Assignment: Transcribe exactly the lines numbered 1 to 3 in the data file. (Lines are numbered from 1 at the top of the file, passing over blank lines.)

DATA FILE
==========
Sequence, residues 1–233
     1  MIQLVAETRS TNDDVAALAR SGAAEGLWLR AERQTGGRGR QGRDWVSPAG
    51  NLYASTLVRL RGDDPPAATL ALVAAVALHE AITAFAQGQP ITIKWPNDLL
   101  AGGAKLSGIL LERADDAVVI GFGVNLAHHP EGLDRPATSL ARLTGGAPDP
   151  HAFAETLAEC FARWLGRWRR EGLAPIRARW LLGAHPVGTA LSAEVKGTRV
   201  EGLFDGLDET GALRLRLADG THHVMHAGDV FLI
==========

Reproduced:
Sequence, residues 1–233
     1  MIQLVAETRS TNDDVAALAR SGAAEGLWLR AERQTGGRGR QGRDWVSPAG
    51  NLYASTLVRL RGDDPPAATL ALVAAVALHE AITAFAQGQP ITIKWPNDLL